And I ended up thinking of the little boy who cried wolf until no one believed him when the real wolf appeared.



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Filed under The Other Day at Portrait...

Kevin Makes Another List

Authors that Should Have Received The Nobel Prize for Literature (But Didn’t)

Like the Academy Awards, the Nobel Prize for literature is the highest honor an author can receive, with the added distinction of being an award for a lifetime of work, which comes with a cash prize of a cool million.  And like the Oscars, the decision-making process when it comes to picking the recipient can seem capricious, petty, or downright bizarre, and many of the best authors of the last century lost that prize to inferior (in my view) contemporaries, or were simply ignored.  Why don’t you make this list longer, as surely it can go on forever, by adding your own in comments!


1. Jorge Luis Borges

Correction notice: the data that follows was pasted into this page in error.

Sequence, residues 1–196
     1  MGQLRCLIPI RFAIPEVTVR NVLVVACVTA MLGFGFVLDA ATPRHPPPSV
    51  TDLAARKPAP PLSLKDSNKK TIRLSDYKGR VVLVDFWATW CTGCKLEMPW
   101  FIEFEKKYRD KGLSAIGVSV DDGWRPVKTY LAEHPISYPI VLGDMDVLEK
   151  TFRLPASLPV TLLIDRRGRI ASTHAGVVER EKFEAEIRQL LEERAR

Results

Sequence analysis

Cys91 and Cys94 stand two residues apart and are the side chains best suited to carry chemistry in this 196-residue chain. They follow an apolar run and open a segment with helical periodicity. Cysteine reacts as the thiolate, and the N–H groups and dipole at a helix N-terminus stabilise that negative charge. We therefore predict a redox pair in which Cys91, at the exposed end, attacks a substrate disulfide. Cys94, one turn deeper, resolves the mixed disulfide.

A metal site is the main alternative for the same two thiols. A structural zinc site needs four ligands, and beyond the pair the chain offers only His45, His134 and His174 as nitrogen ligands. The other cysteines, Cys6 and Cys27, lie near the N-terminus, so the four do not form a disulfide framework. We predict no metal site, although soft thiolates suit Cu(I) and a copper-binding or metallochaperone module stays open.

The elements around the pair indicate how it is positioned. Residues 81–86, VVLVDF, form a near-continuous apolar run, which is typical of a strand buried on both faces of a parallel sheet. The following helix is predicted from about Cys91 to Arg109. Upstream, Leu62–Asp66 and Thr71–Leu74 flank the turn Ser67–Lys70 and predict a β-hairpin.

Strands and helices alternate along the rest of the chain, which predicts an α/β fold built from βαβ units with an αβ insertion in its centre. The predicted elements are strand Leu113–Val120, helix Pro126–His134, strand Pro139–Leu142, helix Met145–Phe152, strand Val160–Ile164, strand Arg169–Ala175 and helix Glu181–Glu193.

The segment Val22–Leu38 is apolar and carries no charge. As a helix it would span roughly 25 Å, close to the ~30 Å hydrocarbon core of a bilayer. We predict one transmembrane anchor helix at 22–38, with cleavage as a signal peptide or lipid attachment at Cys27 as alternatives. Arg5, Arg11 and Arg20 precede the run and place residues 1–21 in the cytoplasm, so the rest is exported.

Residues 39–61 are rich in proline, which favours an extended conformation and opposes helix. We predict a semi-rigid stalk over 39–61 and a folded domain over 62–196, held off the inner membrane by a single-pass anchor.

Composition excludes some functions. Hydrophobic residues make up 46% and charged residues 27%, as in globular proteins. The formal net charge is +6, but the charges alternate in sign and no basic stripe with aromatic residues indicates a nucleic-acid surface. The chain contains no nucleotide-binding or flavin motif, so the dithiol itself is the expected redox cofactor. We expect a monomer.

A fairly notorious case of the Swedish Academy ignoring an author for their political beliefs, Borges was turned down time and time again for the prize, for his conservative political views and support of South American dictatorships the fervor of which, perhaps over-exaggerated by his critics.  A list of those authors influenced by Borges would include all South American writers, all science-fiction and fantasy writers (including, arguably, Tolkien), all postmodern writers and some modern ones, and perhaps any authors whose fiction contains a tiger, a mirror, a maze, or any combination of the three. Generally, the decision to pass over Borges for the award is reason numero uno that many consider the Academy to be out of touch with prevailing literary opinion, and a quarter century after his death the omission still raises hackles.